Budapest City Report Q4 2012



Budapest City Report Q4 2012


The Jones Lang LaSalle City Reports cover key trends in the economy and recent trends in the investment, office, retail and industrial markets.
For more details check out the full version of the Report  



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Industrial Market

Why Tri-City? 
Improving transportation network and good connectivity 
Access to the A1 motorway, the expanding ring road 
Regular and frequent flight connections with Polish and major and secondary European cities 
Improving railway connections with the major Polish cities, the urban fast railway, and the modernisation of the E65 railway line from Gdynia to Warsaw (by 2014) 
Developing seaports in Gdańsk and Gdynia 
Strong economy 
The Tri-City’s population is 748,000 people and the metropolitan area is home to more than 1.2 million people 
19,600 registered unemployed, which equates to a 6% unemployment rate 
Economy geared towards high technologies: outsourcing of business services, finance and IT in particular 
High quality labour force 
One of the major academic centres in Poland (28 higher education institutions, numerous research and development centres) 
Developing research, science and innovation centres 
95,000 students in theTri-City 
23,000 graduates per annum, including 6,000 finance and 900 IT graduates 
In addition to fluent English, which is a market norm, 68% of students speak German, 30% one of the Scandinavian languages, 15% Spanish and 12% Italian (according to a Hays Poland survey) 
Support from the municipal authorities and other institutions 
Investor Assistance Centre 
Special Economic Zone 
Gdańsk Scholarship Scheme 
Numerous institutions supporting the business sector locally, e.g. the Pomerania Development Agency, InvestGDA 
High quality of living 
Seaside location 
A city of vast cultural heritage and significant leisure facilities 
Developed residential and office markets, a variety of shopping and leisure centres, as well as a wide hotel base 
Planned road, seaport and airport infrastructure improvements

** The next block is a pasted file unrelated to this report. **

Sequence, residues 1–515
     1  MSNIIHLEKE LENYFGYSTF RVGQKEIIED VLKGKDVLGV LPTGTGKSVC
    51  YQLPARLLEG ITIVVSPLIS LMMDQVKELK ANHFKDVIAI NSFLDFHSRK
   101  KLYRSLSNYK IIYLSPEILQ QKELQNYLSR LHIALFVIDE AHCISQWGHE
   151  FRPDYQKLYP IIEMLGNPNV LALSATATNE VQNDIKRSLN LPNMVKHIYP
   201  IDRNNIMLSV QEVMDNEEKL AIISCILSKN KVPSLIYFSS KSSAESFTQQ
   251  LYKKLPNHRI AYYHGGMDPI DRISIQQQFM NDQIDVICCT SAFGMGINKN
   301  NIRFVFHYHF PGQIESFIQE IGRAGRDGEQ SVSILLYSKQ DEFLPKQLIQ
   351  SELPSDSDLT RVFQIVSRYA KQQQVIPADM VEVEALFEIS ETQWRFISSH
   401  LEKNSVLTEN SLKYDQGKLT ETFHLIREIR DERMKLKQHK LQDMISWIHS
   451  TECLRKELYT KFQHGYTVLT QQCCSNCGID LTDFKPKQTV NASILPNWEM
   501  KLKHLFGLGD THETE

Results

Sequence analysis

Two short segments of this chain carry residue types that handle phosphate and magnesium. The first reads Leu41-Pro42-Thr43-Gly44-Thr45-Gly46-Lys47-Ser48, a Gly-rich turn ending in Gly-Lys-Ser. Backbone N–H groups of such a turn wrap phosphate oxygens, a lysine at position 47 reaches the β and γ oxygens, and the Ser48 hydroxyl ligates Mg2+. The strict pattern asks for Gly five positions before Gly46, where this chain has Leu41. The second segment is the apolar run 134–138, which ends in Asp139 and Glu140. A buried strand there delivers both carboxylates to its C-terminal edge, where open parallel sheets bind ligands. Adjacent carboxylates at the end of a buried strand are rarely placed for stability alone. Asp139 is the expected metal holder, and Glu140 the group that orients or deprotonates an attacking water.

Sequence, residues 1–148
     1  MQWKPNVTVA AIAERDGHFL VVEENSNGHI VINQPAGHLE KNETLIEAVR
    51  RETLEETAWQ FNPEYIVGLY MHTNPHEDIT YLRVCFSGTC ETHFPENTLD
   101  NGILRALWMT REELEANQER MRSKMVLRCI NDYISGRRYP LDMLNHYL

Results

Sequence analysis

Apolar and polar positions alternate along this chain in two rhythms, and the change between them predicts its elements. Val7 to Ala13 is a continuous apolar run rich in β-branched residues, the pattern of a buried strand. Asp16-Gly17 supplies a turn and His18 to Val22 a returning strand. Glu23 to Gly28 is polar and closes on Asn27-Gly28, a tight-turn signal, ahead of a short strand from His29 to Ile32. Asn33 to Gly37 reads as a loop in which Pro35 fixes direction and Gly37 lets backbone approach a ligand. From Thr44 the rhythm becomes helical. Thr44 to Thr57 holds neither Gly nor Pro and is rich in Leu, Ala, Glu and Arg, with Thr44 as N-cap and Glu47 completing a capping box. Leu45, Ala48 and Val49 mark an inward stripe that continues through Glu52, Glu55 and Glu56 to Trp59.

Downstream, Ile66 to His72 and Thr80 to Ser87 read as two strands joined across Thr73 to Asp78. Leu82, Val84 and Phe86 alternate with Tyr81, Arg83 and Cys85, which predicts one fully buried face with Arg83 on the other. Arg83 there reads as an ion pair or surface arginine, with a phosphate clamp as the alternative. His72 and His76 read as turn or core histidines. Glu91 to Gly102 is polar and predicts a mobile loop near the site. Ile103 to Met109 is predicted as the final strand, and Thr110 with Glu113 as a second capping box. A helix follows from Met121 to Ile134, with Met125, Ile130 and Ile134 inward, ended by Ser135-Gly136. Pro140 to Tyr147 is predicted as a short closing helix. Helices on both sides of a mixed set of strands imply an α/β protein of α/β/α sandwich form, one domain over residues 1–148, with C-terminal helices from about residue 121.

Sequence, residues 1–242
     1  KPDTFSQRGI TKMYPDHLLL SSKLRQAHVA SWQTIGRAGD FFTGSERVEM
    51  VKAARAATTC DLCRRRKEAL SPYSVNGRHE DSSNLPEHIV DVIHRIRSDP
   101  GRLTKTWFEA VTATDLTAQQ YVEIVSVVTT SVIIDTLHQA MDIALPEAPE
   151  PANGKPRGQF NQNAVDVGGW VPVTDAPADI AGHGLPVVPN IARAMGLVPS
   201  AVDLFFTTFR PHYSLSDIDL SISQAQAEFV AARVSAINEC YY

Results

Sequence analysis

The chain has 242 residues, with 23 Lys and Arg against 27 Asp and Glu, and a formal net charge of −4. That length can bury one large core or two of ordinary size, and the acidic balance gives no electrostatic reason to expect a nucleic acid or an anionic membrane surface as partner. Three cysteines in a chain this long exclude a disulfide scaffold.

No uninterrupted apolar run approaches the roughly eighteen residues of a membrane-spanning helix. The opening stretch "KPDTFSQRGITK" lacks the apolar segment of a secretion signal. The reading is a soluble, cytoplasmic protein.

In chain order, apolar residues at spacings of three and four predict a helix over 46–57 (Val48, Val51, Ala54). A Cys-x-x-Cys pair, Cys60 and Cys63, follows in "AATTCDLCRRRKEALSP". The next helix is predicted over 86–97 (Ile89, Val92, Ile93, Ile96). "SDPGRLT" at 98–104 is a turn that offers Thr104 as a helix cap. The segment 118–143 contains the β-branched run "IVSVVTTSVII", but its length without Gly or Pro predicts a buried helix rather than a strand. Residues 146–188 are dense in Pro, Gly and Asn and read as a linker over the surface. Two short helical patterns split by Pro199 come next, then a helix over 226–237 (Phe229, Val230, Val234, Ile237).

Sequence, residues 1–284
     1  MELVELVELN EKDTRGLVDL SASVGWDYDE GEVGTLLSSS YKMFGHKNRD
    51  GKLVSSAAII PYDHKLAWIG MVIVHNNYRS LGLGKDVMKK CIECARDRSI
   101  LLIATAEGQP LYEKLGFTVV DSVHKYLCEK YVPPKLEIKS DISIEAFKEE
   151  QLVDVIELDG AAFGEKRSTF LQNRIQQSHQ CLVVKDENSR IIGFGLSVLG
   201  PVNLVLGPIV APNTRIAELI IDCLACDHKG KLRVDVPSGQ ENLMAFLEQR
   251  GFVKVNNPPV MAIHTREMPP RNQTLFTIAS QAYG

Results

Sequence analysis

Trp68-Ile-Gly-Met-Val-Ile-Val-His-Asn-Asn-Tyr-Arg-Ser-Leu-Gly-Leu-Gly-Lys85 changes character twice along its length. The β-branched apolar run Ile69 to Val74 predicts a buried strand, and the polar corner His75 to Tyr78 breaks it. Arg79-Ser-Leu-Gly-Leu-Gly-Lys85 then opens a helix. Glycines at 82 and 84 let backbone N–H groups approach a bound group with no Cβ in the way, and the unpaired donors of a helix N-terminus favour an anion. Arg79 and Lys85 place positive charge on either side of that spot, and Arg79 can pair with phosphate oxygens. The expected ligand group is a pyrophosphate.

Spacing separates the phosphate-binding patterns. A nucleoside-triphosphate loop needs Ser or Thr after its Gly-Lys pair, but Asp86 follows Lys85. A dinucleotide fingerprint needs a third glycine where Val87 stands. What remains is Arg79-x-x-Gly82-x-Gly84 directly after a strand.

447,000 m2 of distribution facilities were leased in Warsaw and its suburbs in 2012 (33% of total take-up in Poland), down 28% on 2011. Net take-up (excluding renewals) amounted to 264,000 m2. The major share of demand was focused in the suburbs of Warsaw with almost 229,000 m2 of space leased, whereas in Warsaw’s inner city, occupiers signed deals for 34,000 m2 (net take-up)..


The total existing warehouse stock in the Warsaw area amounts to over 2.5 million m2. Consequently, this is the leading region in terms of stock (35% of warehouse space in Poland), of which the majority of warehouse parks are located in the Warsaw suburbs (1.98 million m2). Parks built within the Polish capital city amount to 542,000 m2.


Warsaw and its suburbs are characterised by a relatively high vacancy rate. Within the city, approximately 91,000 m2 remained unoccupied and vacancy stood at 16.8%. In the suburban zone, the vacancy rate was slightly lower and reached 14.2% (281,000 m2 of non-leased space). In 2011, these rates stood at 12% and 17% respectively.


Warsaw and its suburbs create a diverse market in terms of rents. Warsaw’s city market is dominated by small business units (facilities combining warehouse and office space) where effective rents range from €3.60 to 5.30/m2/month. Significantly lower rents are recorded for parks in suburban areas with typical big-box warehouses at between €2.20 and 2.80/m2/month.



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      the report


Mateusz Iłowiecki
+48 668 282 616
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